By Joedson Alves and Carlos Moreno
Altamira, Brazil, Aug 3 (efe-epa).- Representatives of the indigenous community in the Xingu River region, one of the most deforested areas of Brazilian Amazonia, said this Saturday that loggers are devastating not only environmental reserves but also indigenous territories, while refusing to give them a say in the matter.
“They’re ripping out wood from our land. When we complain, they threaten us,”the cacique Wanggot, leader of the Yuru village of Arara ethnicity, told EFE at a meeting of various indigenous peoples in the Amazonian city of Altamira.
The leader invited the press to visit the Arara reservation to check out their complaints about the invasion of lumberjacks, goldminers and fishermen on their reservations, and help them make sure that “justice is done.”
Wanggot said that a group of indigenous people from his village, with the help of environmental prosecutors, recently went to one of the invaded areas to remove the lumberjacks’ haul – but very soon the loggers showed up bearing arms and took it all back.
“We’re weak and our land is small. We can’t lose it or share it with individual goldminers (as President Jair Bolsonaro proposes). We’re afraid because if we lose it, how will we support our families?” asked the leader, who noted that the situation could get very much worse because members of his community say they are ready to defend themselves with guns.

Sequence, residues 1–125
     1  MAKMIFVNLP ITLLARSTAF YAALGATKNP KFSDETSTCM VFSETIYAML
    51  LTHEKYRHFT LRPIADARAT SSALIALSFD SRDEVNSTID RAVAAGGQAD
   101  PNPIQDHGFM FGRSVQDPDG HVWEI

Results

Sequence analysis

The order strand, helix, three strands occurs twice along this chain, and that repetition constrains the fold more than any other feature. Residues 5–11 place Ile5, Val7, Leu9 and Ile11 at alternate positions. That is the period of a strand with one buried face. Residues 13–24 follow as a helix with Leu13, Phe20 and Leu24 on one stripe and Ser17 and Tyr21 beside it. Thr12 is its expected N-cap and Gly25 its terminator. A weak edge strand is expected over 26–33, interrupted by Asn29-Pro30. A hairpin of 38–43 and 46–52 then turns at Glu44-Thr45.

The complaints were made at the 3rd Mid-Xingu Peoples Fair, an event organized by the government-run National Indigenous Foundation (Funai) to allow natives of the region to approach residents of Altamira to air their demands and display their culture
In the Mid-Xingu region live some 5,000 indigenous people of nine different ethnicities, including the Arara, Assurino, Arawete, Parakana, Juruna and Xikrin.
Their complaints coincide with the report this Friday by the NGO Environmental Partner Institute (ISA), which says that 533 trees per minute were cut down in the Xingu basin over the past two months.
The study, based on satellite images, reported that between May and June this year, 39,000 hectares (96,000 acres) of woodland were wiped out in the basin of the Xingu River, one of the main Amazon tributaries that flows through endangered jungle areas in the Brazilian states of Mato Grosso and Para.